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Dovetail Drawer Bottom?

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Forum topic by Maveric777 posted 1448 days ago 3799 views 0 times favorited 9 replies Add to Favorites Watch
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Maveric777

2690 posts in 1703 days


1448 days ago

Topic tags/keywords: question joining dovetail bottom

Ok… I know this sounds like a dumb question, but I been racking my head for weeks over this dilemma. I am attempting hand cut dovetails in my latest project for the small drawers. I am confused as to how to hide the dado on the back of the box using a through dovetail. I am going to use a half blind for the front so that is no issue. Just that dern back is kicking my butt.

I am thinking on the back panel of the drawer I should leave a key (I don’t know a technical term) that will slide into the side of the drawers dado to fill it. Is this right? I been looking at countless pictures and can’t see a good example as to how it is done.

I know there are countless ways to skin a cat. I just want to figure out the tried and true way to do it….lol

Thanks for any heads up….

-- Dan ~ Texarkana, Tx.


9 replies so far

View FlWoodRat's profile

FlWoodRat

732 posts in 2536 days


#1 posted 1448 days ago

Dan,

Rule #1.. Don’t worry about it. The rear DT’s/dado can not be seen unless you remove the drawer.
Cut your drawer bottom dado in the sides and front piece such that the dado is fully within the pin/tail. You don’t want overlap.

Rule #2... you are using full through DT’s for the back to side joint. After you cut the dado for your sides and front pieces, raise your dado blade enough to fully cut through the back piece. Now, when you make your bottom for the drawer, you can slide it into the frame from the back. Cut a small screw slot centered in the rear edge of the drawer bottom. Use a small screw to support the rear edge of the bottom to the back of the drawer. That way the bottom can expand and contract with changes in humidity and it wont hurt your drawers. FYI, if you are using ply wood, it’s not an issue. If you are using solid woods, make sure the grain runs side to side, not front to back. Front to back grain will cause most of the wood movement to be to the sides which could be come a significant issue.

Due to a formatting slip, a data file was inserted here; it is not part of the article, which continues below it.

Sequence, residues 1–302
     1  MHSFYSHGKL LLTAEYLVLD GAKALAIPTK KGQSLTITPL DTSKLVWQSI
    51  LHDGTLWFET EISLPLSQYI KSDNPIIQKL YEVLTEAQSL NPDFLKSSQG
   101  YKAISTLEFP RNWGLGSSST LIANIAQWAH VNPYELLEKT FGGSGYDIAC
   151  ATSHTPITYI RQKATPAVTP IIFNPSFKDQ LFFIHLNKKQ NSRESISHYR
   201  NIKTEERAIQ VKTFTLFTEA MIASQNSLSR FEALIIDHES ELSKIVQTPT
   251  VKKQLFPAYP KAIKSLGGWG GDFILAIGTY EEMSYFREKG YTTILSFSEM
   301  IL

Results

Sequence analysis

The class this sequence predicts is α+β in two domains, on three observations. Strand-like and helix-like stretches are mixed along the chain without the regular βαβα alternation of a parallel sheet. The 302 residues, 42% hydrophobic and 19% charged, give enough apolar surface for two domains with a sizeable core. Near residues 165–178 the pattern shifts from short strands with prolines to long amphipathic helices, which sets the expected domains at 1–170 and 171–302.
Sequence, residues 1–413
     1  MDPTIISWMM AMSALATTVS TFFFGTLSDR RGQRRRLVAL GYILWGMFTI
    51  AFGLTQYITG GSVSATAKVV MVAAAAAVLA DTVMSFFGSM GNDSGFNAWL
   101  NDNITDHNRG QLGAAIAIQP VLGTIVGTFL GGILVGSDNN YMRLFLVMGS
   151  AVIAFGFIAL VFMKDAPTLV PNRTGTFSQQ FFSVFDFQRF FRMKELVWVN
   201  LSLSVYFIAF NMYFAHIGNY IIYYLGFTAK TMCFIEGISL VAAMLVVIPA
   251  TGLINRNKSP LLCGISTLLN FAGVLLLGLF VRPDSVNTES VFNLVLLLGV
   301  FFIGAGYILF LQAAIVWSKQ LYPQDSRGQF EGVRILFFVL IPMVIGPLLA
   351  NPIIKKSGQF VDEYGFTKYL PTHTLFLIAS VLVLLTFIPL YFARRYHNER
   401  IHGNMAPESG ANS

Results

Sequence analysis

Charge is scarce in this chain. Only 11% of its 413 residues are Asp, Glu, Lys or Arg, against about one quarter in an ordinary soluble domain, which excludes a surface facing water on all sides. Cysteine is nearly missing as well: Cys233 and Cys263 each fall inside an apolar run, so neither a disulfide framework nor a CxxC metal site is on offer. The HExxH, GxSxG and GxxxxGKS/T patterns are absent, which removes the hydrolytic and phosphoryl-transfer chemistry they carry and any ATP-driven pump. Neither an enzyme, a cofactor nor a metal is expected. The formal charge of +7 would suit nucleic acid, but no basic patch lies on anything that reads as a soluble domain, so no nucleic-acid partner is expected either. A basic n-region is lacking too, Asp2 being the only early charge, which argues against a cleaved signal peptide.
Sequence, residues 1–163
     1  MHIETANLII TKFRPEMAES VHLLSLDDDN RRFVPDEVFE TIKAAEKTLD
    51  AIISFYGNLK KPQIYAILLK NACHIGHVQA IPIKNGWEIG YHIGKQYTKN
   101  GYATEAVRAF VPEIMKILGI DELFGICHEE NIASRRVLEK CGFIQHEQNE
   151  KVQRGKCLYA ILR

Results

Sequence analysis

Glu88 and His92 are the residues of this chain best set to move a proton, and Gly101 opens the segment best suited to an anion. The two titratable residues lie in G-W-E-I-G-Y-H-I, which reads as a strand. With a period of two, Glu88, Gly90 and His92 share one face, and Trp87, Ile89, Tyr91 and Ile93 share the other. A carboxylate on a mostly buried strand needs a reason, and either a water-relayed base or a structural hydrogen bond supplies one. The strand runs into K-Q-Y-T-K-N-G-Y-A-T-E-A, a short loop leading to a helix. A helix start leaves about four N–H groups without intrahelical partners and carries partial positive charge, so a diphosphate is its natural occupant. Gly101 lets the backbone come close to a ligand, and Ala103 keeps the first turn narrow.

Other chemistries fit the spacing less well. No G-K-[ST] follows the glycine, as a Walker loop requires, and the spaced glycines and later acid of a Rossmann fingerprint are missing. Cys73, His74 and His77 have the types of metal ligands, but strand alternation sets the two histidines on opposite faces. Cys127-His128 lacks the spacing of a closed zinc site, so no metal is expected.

-- I love the smell of sawdust in the morning....

View BertFlores58's profile

BertFlores58

1646 posts in 1549 days


#2 posted 1448 days ago

When I do dado for the bottom board, I normally route exactly to the board by using a tounge and groove bit. I pre-assembled the drawer and route it. In assembly, you will never see even the groove because the dado is exactly fitted with the bottom board. For the front panel, I normally adjust the height of the bit depending on the recess of the side to the bottom of the front. If you use a straight bit for dado, be careful not to cut through the end of the back and sides. In your case, using a table saw for dado.. then you need to plug those cuts on the end…with a square shape dowels .. no other way. Hope this will help.

-- Bert

View jsdnnoanybtr's profile

jsdnnoanybtr

24 posts in 1685 days


#3 posted 1447 days ago

Nope not a dumb question. I asked that very question a few years ago. It seemed to me “Traditional” drawer making was a bit obsessed with replaceable bottoms or nailed or glued on bottoms for small drawers. I suppose for big old honkin drawers with thin bottoms a person might, maybe, probably not, want to replace a bottom every now and again.

I couldn’t see myself ever needing to replace drawer bottoms on my stuff so this is what I did. Doesn’t really answer your question. This drawer is made with only hand tools. Yah I don’t make money from this kind of work. Just furniture for me.

My best advice is to look into hand tools for the parts of the project that is giving you problems and where ever you don’t want wood removed ( ends of dado ) then don’t remove wood there.

Yes ?

When you are able to build the drawer that you seek, then, it will be time for you to go Grasshoppa.
: )

http://gallery.me.com/tone531/100109/IMG_0821/web.jpg?ver=12836583720001